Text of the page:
We have just recently purchased a second home in the Okanagan valley in BC. It is currently being rented out and in about 5 years we hope to be able to sell our main home here in the north and downsize.

I am happy to hear of all the good results from downsizing, although the thought of it makes me shiver with the amount of work involved!

Framilode Tue 13-Aug-19 18:39:15

Wel said Day 6. You put that so much better than I could have done.

Day6 Tue 13-Aug-19 17:47:37

Well said Scribbles and Framilode

How on earth can anyone take offence at not wanting to live on an estate? It's a personal preference, surely? Lots of gorgeous new houses are being built not far from where we are but they don't tick our boxes. They don't have decent sized gardens and the two we viewed were over-looked and had a busy road (for the estate, so lots of traffic) so didn't suit us. Friends live on a new build on an estate and they are very happy. Horses for courses and you cannot object to that, surely? Some people wouldn't mind, but we do. That's not a crime is it?

I haven't read any boastful threads. We were the generation that went without material goods, cars, holidays etc because we just couldn't afford them. We really had to penny-pinch and go without. Comparing life today with life in the '60s and '70s is daft and rather mean-spirited I feel. We had to put up with the life and times we were born into, as does every generation. The generation before some of us (me, anyway) lived through wars, death, hardship and rationing. Did they resent our peace-time? I doubt it.

Day6 Tue 13-Aug-19 17:35:37

It’s just things like a lifetimes worth of books, literally thousands of photos, treasures to me, rubbish to my family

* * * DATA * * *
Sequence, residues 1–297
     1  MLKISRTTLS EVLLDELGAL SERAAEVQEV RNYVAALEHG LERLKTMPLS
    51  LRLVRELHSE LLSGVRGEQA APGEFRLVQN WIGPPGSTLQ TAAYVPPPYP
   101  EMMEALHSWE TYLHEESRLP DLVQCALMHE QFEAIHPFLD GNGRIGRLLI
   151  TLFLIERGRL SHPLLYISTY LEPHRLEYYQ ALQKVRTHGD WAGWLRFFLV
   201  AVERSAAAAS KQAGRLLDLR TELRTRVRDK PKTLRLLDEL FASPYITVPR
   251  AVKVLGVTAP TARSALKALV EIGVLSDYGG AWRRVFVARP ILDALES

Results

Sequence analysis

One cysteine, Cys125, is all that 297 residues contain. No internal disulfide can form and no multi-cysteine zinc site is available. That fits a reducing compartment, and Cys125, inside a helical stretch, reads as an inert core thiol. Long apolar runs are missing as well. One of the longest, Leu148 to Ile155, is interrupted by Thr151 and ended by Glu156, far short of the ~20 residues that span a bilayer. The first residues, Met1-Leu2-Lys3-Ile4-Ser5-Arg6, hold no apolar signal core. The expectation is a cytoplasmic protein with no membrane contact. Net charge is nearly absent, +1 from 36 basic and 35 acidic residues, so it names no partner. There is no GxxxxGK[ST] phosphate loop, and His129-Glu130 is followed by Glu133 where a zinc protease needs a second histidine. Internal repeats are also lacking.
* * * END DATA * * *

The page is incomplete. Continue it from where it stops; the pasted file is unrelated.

Same here, Sara65. I moved so many books with me to our new home - ones I had piling up in many rooms - that OH had to build shelves in 'my room', and I even bought another bookcase. (We took two with us when we moved.) Daft really as I have a Kindle now too!

And up-thread someone mentioned finding so many glasses for every occasion when they cleared out a relatives home...<cough> Guilty.

Scribbles Tue 13-Aug-19 17:15:56

Grannyj and Notentirely, perhaps it's worth reflecting that many of those who may have benefited from an inflated property market lived hand-to-mouth during the 1980s when interest rates reached 15%+. Like the current generation of house buyers, most of us worked full time and paid our own childcare costs and for our children's school lunches. In our case, we couldn't afford holidays, a home phone or a colour TV licence for many years; it all went towards keeping a roof over our heads.

Now that we've so smugly profited from our downsizing, how many of us are putting the windfall cash to use assisting our children with their housing or other needs or putting it aside to pay for future care for ourselves? Quite a lot, I suspect - but it's nobody else's business. Plainly, some will always be happiest when sniping at others.

Society always has been (and probably always will be) divided in all sorts of ways, including affluence and I haven't read anything here which sounded remotely boastful, only lots of well meaning attempts to answer the OP.

Framilode Tue 13-Aug-19 15:44:15

Grannyjay I was the one who put none estate. I can assure you it was in no way intended to be snobbish, just a statement of fact. We live in a very ordinary house in a village street. The only reason I put that was because many modernish houses now tend to be on estates. I have lived on some estates over the years but it wouldn't suit me now.

Absolutely no offence intended.

Grannyjay Tue 13-Aug-19 13:08:09